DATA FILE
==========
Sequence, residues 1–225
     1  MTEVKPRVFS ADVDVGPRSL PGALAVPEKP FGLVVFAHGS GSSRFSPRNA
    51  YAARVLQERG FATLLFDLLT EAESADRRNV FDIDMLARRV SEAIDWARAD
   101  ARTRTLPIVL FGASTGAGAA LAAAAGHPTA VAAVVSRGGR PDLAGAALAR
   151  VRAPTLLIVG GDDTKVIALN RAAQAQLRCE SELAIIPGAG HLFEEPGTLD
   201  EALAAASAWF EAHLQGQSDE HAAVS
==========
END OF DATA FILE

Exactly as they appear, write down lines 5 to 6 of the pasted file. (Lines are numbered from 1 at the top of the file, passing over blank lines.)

   151  VRAPTLLIVG GDDTKVIALN RAAQAQLRCE SELAIIPGAG HLFEEPGTLD
   201  EALAAASAWF EAHLQGQSDE HAAVS